What Is a Gallery?


A gallery is a business that promotes and sells artwork to collectors and the public. It may also serve as an exhibition space for its artists. Some galleries offer workshops and lectures for its visitors, as well as art-related events. Galleries typically make their money through commissions on the sale of artwork and admission fees for special events. They may also collect rental payments from artists for exhibitions.

Artists that work with a gallery on a long-term basis are referred to as represented artists, while those who collaborate with the gallery only for a specific show are exhibited artists. In both cases, the gallery must build a portfolio of artists that meets its curatorial needs and fits in the art market.

Galleries act as a liaison between the artist and the art market, so their main job is to promote the artists they represent and sell their artwork to collectors. They also do everything else needed to get an artwork from the artist to a client, including shipping, invoicing, and tracking the value of the art on the secondary market.

The difference between a photo and an image is that a photo refers to the origin of the visual artwork, which can be created from a variety of sources, such as a painting, drawing or scan of another piece of art, as opposed to an image which refers to the visual work itself and can be derived from multiple sources, such as a photo, artwork, screenshot, or digital art creation. It is important to know the differences between these two types of images so that you can make better decisions about which type of file you should use for your project.

Whether the art in your gallery is abstract or figurative, it’s crucial to create an engaging description of each piece of art. In addition to providing SEO-friendly details and a link to the website, your gallery descriptions should also tell a story about how you created the work, what it means to you, or any personal experiences that were involved in creating it. This will help viewers connect with the work and understand its meaning.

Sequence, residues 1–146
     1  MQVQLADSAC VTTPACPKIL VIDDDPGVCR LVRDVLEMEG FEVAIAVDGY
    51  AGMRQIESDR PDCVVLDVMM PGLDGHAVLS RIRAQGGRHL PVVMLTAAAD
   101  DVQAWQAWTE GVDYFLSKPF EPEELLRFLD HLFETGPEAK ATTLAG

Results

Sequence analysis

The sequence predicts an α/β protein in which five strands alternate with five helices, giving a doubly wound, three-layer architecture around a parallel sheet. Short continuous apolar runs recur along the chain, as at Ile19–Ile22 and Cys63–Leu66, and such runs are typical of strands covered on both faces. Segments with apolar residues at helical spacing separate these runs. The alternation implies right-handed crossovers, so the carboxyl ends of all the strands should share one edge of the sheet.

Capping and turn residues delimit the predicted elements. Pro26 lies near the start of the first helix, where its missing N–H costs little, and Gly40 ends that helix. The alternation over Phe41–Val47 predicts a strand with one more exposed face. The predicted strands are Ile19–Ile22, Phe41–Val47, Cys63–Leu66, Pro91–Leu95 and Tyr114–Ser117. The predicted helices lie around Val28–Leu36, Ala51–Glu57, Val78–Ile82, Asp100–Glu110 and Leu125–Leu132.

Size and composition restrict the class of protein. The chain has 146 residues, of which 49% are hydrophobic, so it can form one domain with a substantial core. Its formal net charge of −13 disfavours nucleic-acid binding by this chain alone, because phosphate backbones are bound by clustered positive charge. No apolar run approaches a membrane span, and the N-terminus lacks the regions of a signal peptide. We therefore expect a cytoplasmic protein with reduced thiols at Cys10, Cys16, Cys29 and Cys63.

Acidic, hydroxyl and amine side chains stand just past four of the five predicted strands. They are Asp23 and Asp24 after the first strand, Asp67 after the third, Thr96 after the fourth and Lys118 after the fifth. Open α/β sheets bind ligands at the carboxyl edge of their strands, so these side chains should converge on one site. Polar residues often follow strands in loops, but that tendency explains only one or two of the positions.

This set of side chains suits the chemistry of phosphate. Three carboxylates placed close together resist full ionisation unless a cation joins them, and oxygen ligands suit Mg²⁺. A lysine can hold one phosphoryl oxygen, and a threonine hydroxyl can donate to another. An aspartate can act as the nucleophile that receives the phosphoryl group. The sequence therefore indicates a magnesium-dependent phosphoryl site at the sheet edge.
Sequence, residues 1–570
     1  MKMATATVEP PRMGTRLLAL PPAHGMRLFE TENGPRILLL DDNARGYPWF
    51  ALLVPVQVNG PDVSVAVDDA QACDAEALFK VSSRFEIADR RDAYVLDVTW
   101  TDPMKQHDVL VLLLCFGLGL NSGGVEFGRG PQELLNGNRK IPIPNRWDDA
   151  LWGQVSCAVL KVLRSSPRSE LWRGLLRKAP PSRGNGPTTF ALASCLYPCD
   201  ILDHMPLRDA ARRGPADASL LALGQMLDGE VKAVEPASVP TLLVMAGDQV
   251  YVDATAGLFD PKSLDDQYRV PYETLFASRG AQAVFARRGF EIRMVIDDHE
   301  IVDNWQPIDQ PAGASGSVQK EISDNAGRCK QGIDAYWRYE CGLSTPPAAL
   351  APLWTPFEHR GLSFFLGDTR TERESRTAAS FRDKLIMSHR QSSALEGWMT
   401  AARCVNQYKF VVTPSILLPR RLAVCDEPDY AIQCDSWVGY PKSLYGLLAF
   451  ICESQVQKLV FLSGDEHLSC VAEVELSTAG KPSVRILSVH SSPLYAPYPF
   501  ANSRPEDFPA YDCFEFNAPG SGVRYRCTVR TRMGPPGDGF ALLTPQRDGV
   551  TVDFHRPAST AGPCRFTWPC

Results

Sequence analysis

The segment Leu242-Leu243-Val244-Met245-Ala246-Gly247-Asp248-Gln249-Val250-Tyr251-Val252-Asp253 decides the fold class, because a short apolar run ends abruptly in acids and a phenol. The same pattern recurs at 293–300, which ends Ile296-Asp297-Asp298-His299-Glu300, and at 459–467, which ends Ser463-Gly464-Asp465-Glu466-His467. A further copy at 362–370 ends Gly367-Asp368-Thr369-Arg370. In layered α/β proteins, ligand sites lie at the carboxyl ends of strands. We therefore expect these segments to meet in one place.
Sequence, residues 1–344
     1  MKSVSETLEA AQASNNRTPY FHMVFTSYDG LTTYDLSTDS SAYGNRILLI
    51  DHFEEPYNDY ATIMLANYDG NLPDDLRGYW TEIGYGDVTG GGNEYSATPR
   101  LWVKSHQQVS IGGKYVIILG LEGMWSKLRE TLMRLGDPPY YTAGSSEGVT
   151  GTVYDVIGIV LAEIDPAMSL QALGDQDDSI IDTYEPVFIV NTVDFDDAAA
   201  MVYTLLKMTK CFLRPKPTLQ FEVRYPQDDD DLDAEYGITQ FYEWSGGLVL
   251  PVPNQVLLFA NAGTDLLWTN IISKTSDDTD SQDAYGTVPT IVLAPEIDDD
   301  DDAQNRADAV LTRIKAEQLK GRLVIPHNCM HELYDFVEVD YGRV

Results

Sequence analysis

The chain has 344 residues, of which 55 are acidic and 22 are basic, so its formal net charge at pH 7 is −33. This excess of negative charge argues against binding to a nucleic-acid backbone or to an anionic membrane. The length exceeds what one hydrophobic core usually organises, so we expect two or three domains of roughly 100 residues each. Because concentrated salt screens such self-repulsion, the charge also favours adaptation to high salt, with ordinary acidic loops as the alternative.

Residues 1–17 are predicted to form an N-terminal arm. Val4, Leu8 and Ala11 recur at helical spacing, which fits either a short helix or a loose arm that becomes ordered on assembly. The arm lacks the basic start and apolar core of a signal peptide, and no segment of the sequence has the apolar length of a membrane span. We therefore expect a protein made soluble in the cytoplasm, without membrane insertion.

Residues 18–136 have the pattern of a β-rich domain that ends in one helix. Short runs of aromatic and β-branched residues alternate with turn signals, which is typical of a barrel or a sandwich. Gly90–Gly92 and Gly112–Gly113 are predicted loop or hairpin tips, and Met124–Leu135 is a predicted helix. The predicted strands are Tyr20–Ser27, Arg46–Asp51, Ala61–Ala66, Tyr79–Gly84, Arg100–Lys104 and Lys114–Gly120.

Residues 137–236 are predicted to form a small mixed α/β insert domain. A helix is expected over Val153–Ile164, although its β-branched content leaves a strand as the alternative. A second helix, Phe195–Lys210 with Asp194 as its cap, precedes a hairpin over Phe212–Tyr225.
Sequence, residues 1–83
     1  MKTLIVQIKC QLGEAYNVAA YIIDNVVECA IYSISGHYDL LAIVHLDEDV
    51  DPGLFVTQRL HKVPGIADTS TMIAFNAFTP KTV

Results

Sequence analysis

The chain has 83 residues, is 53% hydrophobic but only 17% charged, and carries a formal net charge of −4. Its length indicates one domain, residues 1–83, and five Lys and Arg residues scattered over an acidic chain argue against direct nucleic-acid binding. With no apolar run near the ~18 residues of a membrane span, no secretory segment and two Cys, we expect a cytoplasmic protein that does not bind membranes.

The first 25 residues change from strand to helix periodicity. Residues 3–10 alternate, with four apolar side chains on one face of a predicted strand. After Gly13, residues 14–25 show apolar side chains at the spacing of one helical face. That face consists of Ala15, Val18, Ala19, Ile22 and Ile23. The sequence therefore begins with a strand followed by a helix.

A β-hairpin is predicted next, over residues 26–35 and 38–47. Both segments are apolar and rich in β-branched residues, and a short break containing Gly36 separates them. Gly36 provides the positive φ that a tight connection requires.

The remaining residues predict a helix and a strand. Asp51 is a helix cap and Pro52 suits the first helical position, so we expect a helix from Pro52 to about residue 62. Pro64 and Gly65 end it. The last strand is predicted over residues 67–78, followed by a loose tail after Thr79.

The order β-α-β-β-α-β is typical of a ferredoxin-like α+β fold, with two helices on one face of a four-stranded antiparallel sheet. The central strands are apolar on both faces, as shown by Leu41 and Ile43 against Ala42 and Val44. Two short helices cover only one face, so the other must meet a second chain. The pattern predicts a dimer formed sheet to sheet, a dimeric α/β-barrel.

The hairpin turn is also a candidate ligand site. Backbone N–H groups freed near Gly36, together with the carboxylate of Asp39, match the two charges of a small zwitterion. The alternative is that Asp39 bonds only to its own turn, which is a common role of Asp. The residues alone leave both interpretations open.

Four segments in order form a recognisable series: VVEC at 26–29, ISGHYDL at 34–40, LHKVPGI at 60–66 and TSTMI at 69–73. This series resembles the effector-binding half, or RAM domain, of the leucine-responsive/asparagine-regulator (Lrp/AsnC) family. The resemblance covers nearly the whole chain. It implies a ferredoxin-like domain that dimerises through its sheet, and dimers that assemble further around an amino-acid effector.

When writing about your art, remember that you are aiming for a general audience of people who may not be familiar with the topic or your specific field. Using technical terms and jargon can alienate potential readers, especially if it’s not a subject that they’re interested in. Instead, try to write your descriptions in a conversational tone that’s accessible to readers who aren’t familiar with the subject.

When choosing who to approach with press releases, select journalists that cover a broad range of topics. This will ensure that your release reaches a wider audience and has a higher chance of success. Also, try to reach out to journalists who have written articles about similar artists or exhibitions in the past. This will ensure that your article is relevant to their readership and that they have a keen interest in your work.